Jenny: If you had never seen a mouth before and I was like “it’s a wet flesh cave with sharp parts that lives in your face”, it would sound like Cronenberg-ian body horror. All body parts are horrifying. I’m kind of rooting for the singularity, I’d feel way better if I was just a consciousness in a cloud. 

See the whole season of Neurotica right now on IFC’s Comedy Crib.


The ’90s Are Back

The '90s live again during IFC's weekend marathon.

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Photo Credit: Everett Digital, Columbia Pictures

We know what you’re thinking: “Why on Earth would anyone want to reanimate the decade that gave us Haddaway, Los Del Rio, and Smash Mouth, not to mention Crystal Pepsi?”


Thoughts like those are normal. After all, we tend to remember lasting psychological trauma more vividly than fleeting joy. But if you dig deep, you’ll rediscover that the ’90s gave us so much to fondly revisit. Consider the four pillars of true ’90s culture.

Boy Bands

We all pretended to hate them, but watch us come alive at a karaoke bar when “I Want It That Way” comes on. Arguably more influential than Brit Pop and Grunge put together, because hello – Justin Timberlake. He’s a legitimate cultural gem.

Man-Child Movies

Adam Sandler is just behind The Simpsons in terms of his influence on humor. Somehow his man-child schtick didn’t get old until the aughts, and his success in that arena ushered in a wave of other man-child movies from fellow ’90s comedians. RIP Chris Farley (and WTF Rob Schneider).



Teen Angst

In horror, dramas, comedies, and everything in between: Troubled teens! Getting into trouble! Who couldn’t relate to their First World problems, plaid flannels, and lose grasp of the internet?

Mainstream Nihilism

From the Coen Bros to Fincher to Tarantino, filmmakers on the verge of explosive popularity seemed interested in one thing: mind f*cking their audiences by putting characters in situations (and plot lines) beyond anyone’s control.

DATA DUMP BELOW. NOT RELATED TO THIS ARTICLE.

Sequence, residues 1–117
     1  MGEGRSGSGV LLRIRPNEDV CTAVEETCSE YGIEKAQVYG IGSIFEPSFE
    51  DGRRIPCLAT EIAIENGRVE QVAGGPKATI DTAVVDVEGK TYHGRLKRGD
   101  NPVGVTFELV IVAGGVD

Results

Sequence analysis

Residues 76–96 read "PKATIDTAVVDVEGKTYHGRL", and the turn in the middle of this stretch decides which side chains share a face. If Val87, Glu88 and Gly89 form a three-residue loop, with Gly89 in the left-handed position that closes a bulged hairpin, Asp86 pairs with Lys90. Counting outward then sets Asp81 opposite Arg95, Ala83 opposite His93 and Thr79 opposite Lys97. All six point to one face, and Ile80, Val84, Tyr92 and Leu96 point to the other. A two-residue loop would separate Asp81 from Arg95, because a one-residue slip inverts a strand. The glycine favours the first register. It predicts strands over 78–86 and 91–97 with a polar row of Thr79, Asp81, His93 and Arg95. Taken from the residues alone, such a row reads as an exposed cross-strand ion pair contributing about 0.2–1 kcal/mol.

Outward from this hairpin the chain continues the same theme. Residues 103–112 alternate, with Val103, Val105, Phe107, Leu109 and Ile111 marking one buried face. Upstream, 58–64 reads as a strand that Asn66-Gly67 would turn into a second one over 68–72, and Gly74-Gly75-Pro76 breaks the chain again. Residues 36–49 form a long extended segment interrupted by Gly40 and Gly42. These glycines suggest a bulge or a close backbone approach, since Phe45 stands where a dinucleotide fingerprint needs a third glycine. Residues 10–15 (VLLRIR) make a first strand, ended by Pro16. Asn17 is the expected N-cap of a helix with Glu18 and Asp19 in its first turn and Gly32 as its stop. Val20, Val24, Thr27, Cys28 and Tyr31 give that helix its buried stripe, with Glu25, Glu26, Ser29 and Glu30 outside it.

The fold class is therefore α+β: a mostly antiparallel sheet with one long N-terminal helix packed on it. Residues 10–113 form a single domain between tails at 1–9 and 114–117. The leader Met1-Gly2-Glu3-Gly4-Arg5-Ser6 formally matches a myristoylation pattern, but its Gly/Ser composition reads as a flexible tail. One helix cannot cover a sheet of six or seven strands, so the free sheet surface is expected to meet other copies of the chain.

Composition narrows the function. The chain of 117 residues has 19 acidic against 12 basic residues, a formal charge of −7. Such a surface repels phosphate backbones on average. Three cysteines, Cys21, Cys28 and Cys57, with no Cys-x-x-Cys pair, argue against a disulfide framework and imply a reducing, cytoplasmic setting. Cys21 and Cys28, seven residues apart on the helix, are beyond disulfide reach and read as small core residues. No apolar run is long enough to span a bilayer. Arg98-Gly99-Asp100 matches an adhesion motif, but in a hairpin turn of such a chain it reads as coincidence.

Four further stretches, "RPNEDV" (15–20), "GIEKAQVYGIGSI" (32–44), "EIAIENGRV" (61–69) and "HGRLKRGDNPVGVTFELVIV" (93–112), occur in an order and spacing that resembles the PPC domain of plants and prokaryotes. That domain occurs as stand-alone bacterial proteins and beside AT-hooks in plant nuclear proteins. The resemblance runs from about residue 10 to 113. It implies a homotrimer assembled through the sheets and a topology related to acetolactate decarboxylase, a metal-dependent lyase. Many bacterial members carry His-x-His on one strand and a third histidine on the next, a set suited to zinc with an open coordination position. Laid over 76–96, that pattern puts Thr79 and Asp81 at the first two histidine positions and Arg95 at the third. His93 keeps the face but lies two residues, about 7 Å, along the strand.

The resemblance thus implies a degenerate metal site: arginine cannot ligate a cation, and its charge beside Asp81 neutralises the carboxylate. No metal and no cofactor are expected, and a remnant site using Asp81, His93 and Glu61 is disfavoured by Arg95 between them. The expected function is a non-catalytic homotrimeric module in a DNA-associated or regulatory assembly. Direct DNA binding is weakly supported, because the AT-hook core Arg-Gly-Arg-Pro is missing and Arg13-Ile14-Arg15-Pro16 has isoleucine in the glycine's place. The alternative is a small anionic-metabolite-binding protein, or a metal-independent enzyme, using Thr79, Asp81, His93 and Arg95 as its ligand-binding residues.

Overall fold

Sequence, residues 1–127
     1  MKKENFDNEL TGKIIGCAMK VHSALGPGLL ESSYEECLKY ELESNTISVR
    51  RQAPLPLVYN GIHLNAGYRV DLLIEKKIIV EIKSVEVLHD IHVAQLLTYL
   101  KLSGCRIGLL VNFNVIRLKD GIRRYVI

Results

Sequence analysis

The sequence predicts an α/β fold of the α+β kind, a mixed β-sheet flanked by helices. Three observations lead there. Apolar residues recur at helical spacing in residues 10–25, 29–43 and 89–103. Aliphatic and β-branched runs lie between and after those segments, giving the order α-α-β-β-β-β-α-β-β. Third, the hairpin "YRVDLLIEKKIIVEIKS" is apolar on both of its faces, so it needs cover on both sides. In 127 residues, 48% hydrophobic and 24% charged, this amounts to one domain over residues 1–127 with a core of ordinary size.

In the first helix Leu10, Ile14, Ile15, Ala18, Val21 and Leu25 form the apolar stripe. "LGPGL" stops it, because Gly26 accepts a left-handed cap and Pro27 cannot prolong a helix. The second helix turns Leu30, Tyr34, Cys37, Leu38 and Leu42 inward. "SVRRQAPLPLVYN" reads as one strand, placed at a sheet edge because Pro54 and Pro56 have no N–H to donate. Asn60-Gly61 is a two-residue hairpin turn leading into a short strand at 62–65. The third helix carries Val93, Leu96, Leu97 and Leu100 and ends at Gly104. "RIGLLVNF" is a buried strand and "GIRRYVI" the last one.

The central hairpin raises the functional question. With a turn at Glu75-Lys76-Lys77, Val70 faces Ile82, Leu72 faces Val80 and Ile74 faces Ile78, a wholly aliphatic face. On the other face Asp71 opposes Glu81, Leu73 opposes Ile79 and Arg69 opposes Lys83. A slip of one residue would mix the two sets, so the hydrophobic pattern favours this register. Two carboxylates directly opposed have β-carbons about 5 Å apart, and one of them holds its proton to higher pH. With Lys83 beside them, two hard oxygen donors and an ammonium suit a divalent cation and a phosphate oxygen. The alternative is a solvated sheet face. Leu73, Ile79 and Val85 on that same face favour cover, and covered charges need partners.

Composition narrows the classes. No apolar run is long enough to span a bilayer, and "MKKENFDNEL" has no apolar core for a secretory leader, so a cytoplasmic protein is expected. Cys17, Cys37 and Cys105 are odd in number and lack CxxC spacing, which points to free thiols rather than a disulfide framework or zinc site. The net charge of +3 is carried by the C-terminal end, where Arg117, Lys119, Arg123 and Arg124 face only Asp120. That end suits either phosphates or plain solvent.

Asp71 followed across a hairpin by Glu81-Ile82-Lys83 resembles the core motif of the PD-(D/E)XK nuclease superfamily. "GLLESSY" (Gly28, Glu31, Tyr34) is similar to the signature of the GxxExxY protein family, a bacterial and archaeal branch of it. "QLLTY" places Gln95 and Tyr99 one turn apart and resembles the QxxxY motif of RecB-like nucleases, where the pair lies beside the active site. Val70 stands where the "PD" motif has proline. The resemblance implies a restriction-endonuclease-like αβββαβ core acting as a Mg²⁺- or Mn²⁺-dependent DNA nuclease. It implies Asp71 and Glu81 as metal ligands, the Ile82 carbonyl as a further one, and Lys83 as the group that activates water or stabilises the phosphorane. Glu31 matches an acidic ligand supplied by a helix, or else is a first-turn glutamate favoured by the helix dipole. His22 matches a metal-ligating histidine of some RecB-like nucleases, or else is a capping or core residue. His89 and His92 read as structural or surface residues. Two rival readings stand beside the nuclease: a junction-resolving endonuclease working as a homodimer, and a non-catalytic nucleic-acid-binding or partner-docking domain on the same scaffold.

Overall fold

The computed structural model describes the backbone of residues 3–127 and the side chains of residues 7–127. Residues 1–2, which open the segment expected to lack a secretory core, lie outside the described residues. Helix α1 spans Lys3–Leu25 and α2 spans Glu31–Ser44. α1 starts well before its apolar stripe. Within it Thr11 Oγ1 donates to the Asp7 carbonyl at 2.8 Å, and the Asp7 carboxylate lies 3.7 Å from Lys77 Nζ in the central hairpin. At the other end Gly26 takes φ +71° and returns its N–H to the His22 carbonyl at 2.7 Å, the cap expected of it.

Feeling better about that walk down memory lane? Good. Enjoy the revival.


And revisit some important ’90s classics all this weekend during IFC’s ’90s Marathon. Check out the full schedule here.


Get Physical

DVDs are the new Vinyl

Portlandia Season 7 Now Available On Disc.

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GIFs via Giffy

In this crazy digital age, sometimes all we really want is to reach out and touch something. Maybe that’s why so many of us are still gung-ho about owning stuff on DVD. It’s tangible. It’s real. It’s tech from a bygone era that still feels relevant, yet also kitschy and retro. It’s basically vinyl for people born after 1990.


Inevitably we all have that friend whose love of the disc is so absolutely repellent that he makes the technology less appealing. “The resolution, man. The colors. You can’t get latitude like that on a download.” Go to hell, Tim.

Yes, Tim sucks, and you don’t want to be like Tim, but maybe he’s onto something and DVD is still the future. Here are some benefits that go beyond touch.

It’s Decor and Decorum

With DVDs and a handsome bookshelf you can show off your great taste in film and television without showing off your search history. Good for first dates, dinner parties, family reunions, etc.


Forget Public Wifi

Warm up that optical drive. No more awkwardly streaming episodes on shady free wifi!



Internet service goes down. It happens all the time. It could happen right now. Then what? Without a DVD on hand you’ll be forced to make eye contact with your friends and family. Or worse – conversation.


Self Defense

You can’t throw a download like a ninja star. Think about it.


If you’d like to experience the benefits DVD ownership yourself, Portlandia Season 7 is now available on DVD and Blue-Ray.